March 30, 2011
The authors undertook the prospective observational study to determine whether there is a "significant difference in survival between elderly (>50 years) and nonelderly adult patients receiving combination antiretroviral therapy [ART] in Uganda between 2004 and 2010."
Patients enrolled in the AIDS Support Organization Uganda HIV/AIDS national program were evaluated for time to all-cause mortality. The investigators applied a Weilbull multivariable regression.
Of the 22,087 patients in the analyses, 89.0 percent (19,657) were ages 18-49 and 11.0 percent (2,430) were age 50 or older. "These populations differed in terms of the distributions of sex, baseline CD4 cell count and death. The age group 40-44 displayed the lowest crude mortality rate (31.4 deaths per 1,000 person-years; 95 percent confidence interval 28.1, 34.7) and the age group 60-64 displayed the highest crude mortality rate (58.9 deaths per 1,000 person-years, 95 percent CI 42.2, 75.5)," the results showed. Nonelderly patients had better survival than elderly patients (P<0.001), per Kaplan-Meier survival estimates. Adjusted Weilbull analysis indicated that elderly age status was significantly associated (adjusted hazard ratio 1.23, 95 percent CI 1.08-1.42) with mortality, after controlling for sex, baseline CD4 cell count and year of ART initiation.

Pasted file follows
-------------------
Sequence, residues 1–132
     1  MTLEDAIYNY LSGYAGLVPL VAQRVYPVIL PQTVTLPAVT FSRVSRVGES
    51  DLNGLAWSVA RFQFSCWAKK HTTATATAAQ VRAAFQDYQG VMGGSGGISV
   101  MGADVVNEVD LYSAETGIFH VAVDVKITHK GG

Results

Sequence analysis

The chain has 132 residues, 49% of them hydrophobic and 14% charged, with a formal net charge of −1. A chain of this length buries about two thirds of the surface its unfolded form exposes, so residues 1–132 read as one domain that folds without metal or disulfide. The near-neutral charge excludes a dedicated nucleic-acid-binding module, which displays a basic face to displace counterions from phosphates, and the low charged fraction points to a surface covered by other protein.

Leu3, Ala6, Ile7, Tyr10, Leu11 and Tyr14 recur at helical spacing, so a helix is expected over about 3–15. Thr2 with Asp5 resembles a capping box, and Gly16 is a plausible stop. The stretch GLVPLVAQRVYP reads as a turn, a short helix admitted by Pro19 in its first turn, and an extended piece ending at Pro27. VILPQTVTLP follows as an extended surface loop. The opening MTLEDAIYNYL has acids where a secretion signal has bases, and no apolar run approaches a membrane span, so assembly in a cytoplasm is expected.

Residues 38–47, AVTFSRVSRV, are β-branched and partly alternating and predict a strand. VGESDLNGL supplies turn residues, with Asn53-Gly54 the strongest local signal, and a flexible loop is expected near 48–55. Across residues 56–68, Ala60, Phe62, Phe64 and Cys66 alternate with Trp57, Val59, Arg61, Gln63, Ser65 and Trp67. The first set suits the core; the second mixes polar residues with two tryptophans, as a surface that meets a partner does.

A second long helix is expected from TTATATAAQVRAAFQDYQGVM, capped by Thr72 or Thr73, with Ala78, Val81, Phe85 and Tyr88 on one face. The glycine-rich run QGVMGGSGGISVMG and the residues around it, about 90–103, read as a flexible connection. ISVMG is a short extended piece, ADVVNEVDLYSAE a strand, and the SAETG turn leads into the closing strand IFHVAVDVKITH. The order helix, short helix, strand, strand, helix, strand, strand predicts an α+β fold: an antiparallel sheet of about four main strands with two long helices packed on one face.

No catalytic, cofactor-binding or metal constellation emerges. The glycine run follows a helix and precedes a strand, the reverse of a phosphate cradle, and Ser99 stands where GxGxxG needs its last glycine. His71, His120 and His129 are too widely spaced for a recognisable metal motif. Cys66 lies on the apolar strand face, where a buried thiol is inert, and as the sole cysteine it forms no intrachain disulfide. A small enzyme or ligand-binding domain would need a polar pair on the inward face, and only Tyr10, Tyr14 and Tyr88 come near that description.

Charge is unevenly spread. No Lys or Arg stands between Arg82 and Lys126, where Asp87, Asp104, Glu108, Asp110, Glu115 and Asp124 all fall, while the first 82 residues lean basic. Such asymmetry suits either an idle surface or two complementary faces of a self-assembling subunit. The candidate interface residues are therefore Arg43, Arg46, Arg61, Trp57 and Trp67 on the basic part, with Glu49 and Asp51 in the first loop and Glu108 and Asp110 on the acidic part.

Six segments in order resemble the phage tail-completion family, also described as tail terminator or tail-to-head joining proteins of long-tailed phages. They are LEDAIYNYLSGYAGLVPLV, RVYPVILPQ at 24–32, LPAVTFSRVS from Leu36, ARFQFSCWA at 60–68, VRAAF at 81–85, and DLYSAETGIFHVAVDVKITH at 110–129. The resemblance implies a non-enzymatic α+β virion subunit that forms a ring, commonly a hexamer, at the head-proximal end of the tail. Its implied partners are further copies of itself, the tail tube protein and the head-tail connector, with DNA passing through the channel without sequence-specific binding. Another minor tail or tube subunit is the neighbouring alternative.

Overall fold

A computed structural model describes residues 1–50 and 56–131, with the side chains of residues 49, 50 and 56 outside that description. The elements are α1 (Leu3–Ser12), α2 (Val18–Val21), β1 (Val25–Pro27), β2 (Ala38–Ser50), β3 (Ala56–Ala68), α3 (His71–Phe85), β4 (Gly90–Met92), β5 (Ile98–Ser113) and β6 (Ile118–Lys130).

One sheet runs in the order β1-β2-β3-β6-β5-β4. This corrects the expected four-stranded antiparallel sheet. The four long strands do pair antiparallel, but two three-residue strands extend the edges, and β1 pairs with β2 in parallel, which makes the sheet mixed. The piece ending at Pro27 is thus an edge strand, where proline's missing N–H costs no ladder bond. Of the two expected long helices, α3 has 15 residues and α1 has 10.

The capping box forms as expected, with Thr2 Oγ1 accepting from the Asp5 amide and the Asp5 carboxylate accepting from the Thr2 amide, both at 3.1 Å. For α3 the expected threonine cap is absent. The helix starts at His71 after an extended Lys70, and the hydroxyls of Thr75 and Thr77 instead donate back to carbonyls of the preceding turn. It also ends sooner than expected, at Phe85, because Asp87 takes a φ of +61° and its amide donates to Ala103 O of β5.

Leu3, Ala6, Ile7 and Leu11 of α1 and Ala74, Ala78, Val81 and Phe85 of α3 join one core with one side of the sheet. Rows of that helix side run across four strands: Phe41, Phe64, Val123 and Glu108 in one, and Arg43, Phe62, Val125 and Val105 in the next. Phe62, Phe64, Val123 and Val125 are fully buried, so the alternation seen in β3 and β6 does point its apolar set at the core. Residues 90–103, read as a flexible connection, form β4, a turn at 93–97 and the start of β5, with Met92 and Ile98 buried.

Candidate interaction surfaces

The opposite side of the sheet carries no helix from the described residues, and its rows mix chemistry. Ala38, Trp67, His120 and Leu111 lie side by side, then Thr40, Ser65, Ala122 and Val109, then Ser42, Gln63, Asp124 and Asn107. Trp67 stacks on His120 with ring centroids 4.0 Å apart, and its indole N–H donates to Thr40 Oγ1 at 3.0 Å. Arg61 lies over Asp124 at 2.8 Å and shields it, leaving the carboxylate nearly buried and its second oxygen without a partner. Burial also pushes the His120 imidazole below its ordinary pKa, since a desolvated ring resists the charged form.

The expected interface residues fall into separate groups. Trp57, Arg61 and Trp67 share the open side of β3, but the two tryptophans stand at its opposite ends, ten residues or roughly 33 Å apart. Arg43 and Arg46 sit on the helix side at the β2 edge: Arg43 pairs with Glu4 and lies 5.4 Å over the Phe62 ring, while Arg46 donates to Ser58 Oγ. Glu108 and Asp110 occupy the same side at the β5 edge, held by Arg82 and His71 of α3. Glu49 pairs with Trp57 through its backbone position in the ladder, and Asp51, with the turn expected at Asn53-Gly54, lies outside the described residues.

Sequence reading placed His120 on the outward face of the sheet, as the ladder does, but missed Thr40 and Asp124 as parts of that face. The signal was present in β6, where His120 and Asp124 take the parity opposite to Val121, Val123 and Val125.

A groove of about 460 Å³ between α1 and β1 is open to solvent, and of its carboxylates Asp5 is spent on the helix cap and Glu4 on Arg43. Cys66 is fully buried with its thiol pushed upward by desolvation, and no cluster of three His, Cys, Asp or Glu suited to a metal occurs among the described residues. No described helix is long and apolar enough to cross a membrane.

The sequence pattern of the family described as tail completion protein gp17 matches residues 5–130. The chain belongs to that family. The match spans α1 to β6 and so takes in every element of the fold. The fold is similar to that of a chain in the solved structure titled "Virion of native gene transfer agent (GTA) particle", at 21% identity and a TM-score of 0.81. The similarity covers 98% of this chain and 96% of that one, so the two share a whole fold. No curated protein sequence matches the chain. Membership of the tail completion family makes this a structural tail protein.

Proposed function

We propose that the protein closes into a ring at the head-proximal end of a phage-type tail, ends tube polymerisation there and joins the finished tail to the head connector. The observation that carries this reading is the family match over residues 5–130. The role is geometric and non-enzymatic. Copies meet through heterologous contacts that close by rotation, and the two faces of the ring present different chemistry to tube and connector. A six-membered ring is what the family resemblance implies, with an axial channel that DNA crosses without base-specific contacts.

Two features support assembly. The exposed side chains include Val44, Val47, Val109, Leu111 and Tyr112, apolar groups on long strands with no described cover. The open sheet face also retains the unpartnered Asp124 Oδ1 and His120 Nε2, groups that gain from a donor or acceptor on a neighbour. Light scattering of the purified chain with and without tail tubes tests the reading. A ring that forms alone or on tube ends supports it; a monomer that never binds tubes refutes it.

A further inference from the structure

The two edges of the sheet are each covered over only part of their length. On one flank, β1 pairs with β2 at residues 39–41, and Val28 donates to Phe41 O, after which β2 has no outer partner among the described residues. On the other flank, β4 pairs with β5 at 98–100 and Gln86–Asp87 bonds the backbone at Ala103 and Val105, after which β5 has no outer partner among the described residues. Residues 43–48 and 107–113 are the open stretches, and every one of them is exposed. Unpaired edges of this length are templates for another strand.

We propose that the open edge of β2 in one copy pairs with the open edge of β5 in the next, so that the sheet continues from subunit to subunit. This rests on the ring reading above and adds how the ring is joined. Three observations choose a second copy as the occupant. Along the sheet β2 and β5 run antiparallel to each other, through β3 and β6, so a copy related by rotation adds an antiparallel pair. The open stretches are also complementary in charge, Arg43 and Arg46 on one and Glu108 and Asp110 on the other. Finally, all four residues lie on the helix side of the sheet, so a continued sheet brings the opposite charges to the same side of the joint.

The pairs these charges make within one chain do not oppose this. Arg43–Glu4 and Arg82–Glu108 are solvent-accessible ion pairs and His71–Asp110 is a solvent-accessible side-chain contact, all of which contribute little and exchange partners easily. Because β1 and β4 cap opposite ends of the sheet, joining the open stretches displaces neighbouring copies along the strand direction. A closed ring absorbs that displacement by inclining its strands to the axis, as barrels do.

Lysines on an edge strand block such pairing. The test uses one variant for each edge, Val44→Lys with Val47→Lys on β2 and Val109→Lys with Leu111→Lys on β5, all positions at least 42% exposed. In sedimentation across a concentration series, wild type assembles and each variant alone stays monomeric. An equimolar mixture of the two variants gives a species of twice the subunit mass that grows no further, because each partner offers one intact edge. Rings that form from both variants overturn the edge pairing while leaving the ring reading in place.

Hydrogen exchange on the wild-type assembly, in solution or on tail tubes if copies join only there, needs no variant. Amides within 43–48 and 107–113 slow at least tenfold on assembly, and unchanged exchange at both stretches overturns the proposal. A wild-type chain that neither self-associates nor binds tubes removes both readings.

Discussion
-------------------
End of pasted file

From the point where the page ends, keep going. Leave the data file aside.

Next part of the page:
"As antiretroviral treatment cohorts mature, the proportion of patients who are elderly will inevitably increase. Elderly patients may require focused clinical care that extends beyond HIV treatment," the study authors concluded.
03.13.2011; Vol. 25; No. 5: P. 701-705; Celestin Bakanda, Josephine Birungi, Robert Mwesigwa, Nathan Ford, Curtis L. Cooper, Christopher Au-Yeung, Keith Chan, Jean B. Nachega, Evan Wood, Robert S. Hogg, Mark Dybul, Edward J. Mills
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